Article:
The 100th anniversary of Pulidindi Solomon Raj’s birth wasn’t remembered by many in the United States. However, large numbers gathered in India this year to celebrate the life of a Lutheran pastor, scholar and artist who had lived among them for almost a century.
Born Feb. 21, 1921, as a-third generation Christian in Neggipudi, a tiny village in the West Godavari district of Andhra Pradesh in South India, Raj became an internationally recognized name in the field of communication as well as an artist whose creativity explored drama, dance, music and visual expressions. His artwork focused on batik (a wax-resist dyeing technique) and woodblock printing. A theological dimension penetrated everything Raj, an Andhra Evangelical Lutheran Church (AELC) pastor, did.
The boy from Neggipudi who became an influential global Lutheran figure was a Renaissance man who deserves to be better known among Lutherans in the West and around the world.
Raj’s grandfather Ramudi, baptized as Abraham, came to be a Christian through the ministry of J.C. Frederick Heyer, the first missionary sent abroad by Lutherans in the United States. His son, Lazarus, who became a teacher, shared Abraham’s faith, as did his daughter-in-law Naomi, who became a “Bible woman” using storytelling and song traditions to present the gospel.
“[The artist] is aware of the problems in the society in which he lives, he speaks the vocabulary and the idiom of his time, and he wakes up people of his day to some of the things that agitate his mind.”
Heyer, as with any missionary, couldn’t have known what his 16 years of service in India would yield. The Guntur mission field he founded in 1847 became in 1927 the largest Lutheran body in India, the AELC, now a companion of the ELCA. “Father Heyer,” as he was known to his parishioners, could also never have known that from his family a figure such as Raj might arise.
Raj’s progression from elementary education at his father’s school to graduate and doctoral work in communications at Indiana University, Bloomington (funded by the Lutheran Church in America, an ELCA predecessor body), and the University of Birmingham in the United Kingdom was both rapid and extensive. He served as field director of audiovisual education for the National Council of Churches in India and director of Suvartha Vani, a radio station and multimedia project of the Andhra Pradesh Council of Churches.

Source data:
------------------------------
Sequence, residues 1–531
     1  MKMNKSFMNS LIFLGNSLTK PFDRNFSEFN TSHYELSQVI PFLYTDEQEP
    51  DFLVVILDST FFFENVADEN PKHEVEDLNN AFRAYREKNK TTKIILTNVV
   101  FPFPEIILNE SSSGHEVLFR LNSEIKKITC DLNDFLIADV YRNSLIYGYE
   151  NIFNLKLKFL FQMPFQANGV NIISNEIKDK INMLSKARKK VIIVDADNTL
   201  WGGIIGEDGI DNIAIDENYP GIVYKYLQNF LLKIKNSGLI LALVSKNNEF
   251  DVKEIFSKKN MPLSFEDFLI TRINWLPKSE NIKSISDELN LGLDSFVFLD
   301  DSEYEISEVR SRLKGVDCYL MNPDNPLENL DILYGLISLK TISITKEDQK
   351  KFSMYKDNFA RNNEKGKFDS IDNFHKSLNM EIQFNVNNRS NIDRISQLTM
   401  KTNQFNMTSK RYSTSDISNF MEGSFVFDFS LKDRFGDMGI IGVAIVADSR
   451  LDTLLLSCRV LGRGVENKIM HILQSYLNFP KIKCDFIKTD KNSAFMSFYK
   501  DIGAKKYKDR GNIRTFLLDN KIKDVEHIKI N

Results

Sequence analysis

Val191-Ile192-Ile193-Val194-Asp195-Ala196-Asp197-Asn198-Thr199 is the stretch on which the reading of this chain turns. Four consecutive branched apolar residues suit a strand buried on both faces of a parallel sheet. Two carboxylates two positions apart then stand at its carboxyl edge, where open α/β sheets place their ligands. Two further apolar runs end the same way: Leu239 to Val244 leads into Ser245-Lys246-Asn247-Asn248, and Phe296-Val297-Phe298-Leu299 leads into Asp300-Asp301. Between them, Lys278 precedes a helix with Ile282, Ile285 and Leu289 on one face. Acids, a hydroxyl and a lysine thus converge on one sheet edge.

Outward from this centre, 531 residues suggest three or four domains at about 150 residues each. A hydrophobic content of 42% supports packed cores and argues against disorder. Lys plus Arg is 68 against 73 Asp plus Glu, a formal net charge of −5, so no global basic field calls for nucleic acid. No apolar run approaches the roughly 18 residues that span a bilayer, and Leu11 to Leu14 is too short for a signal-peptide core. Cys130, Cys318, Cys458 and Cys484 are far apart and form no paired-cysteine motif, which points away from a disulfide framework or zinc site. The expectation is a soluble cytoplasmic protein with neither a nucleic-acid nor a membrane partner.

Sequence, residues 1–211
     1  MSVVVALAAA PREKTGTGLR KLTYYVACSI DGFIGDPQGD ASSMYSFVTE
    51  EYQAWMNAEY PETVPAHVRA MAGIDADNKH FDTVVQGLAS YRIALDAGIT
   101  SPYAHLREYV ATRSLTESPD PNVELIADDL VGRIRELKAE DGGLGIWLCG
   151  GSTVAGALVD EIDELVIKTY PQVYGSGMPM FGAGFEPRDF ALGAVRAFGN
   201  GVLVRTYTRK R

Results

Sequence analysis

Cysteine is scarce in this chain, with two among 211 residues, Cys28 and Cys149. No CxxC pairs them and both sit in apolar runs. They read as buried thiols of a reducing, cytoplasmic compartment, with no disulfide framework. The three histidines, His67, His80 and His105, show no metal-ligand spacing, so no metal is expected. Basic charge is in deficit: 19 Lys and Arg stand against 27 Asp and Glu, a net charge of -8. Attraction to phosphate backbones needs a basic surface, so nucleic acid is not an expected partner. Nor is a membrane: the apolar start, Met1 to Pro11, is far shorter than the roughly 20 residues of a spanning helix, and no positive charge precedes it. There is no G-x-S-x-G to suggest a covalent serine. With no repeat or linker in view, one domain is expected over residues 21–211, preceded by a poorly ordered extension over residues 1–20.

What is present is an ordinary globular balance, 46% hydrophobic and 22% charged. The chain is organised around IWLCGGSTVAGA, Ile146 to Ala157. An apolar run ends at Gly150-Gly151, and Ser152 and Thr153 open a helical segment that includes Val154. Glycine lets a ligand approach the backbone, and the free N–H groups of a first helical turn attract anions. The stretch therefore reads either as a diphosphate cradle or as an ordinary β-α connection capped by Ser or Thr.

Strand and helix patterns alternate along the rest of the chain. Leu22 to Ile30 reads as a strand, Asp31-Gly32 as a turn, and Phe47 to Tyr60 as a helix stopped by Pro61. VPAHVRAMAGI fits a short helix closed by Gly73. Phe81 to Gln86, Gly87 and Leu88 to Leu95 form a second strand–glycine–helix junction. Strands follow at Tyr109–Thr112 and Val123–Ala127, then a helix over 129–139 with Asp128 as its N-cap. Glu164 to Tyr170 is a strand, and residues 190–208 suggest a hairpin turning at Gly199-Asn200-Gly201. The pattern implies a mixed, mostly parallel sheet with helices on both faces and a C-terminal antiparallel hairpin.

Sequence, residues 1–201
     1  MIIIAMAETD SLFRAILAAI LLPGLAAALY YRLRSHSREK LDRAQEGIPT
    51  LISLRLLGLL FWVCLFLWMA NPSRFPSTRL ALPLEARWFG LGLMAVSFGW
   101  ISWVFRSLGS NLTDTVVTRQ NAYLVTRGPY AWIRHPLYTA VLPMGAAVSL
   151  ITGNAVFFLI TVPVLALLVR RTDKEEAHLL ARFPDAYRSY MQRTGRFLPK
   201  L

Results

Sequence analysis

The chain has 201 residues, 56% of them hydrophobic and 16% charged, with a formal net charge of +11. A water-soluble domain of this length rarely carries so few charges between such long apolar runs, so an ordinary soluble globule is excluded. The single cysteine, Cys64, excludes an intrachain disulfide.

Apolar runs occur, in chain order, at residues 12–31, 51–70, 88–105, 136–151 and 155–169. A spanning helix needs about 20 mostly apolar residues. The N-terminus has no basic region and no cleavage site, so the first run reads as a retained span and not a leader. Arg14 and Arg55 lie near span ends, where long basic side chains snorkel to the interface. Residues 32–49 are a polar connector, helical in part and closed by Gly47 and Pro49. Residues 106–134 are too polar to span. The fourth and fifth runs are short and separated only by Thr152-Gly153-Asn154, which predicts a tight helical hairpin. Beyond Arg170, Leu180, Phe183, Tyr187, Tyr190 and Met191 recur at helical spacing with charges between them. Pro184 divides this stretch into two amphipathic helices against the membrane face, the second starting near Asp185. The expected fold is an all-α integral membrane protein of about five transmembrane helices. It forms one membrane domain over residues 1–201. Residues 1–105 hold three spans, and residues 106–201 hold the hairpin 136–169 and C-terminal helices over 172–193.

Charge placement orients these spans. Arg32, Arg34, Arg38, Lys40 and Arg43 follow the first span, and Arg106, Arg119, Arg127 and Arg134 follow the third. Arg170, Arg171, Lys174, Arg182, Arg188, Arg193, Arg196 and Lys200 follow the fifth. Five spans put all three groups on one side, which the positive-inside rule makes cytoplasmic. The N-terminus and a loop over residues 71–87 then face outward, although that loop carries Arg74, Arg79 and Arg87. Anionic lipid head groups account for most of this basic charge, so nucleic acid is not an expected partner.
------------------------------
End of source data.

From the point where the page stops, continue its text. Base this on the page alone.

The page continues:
Raj was also an artist-in-residence at Lenoir–Rhyne University, Hickory, N.C.; Luther College, Decorah, Iowa; and Bethany College, Lindsborg, Kan.
While serving in those positions, Raj wrote articles and books on communication. He asked himself how he, as a descendant of Heyer’s mission outreach, could best communicate the gospel with his own people, who were mostly Hindus and Dalits (the lowest caste in India).
“What does this picture say to me?”
Following visits to Germany, Japan and Indonesia, Raj decided to focus on two challenging art forms, carved wood blocks and their prints and multicolored batiks. These art forms would be the means by which the teacher-pastor would illustrate many biblical stories.
Raj claimed he wanted to place a life-altering visual question before the viewer: “How might this picture change my life?”
In addition to Bible stories, Raj was committed to addressing themes of social justice in his art—issues that his own Dalit heritage raised for him. He created art concerning the status of women, refugees and disenfranchised people in general.
“He is aware of the problems in the society in which he lives, he speaks the vocabulary and the idiom of his time, and he wakes up people of his day to some of the things that agitate his mind,” Raj wrote of the artist in his unpublished paper “The Prophetic Role of a Christian Artist.”
His audiences were challenged to ask themselves difficult questions. When viewing pieces depicting a man with a crown of thorns embracing refugees, they might ask, “Why is that man wearing a crown of thorns, and what does this picture say to me?”
“How might this picture change my life?”
Audiences from around the world have been impacted by his work, which crosses cultures from Judea and Galilee to India. Western audiences have been moved by Raj’s depictions of Christ reaching out to embrace the foreigner in their pain or loneliness.
In his 60s, Raj established the St. Luke Lalitkala Ashram across from his Vijayawada home, where he lived with Mary, his wife of 47 years. In the ashram he conducted classes for children and adults in dance, music, theater and various art forms that had particular meaning in Indian culture.
In his 80s, when it became difficult for him to dip the batik cloth into dye vats, Raj began to translate texts. He translated all the hymns of Paul Gerhardt into Telugu, introducing the people of India to the post-Reformation-era Lutheran pastor and poet.
And when his sight began to fail in his 90s, Raj still didn’t quit. He composed poetry in English to share his faith with a broader audience.
Raj died on Dec. 28, 2018, at the age of 98. As a Lutheran with wide-ranging knowledge and gifts who worked in numerous media and cultures, his story encourages us to believe that God continues to use our mission outreach to plant the gospel throughout the world.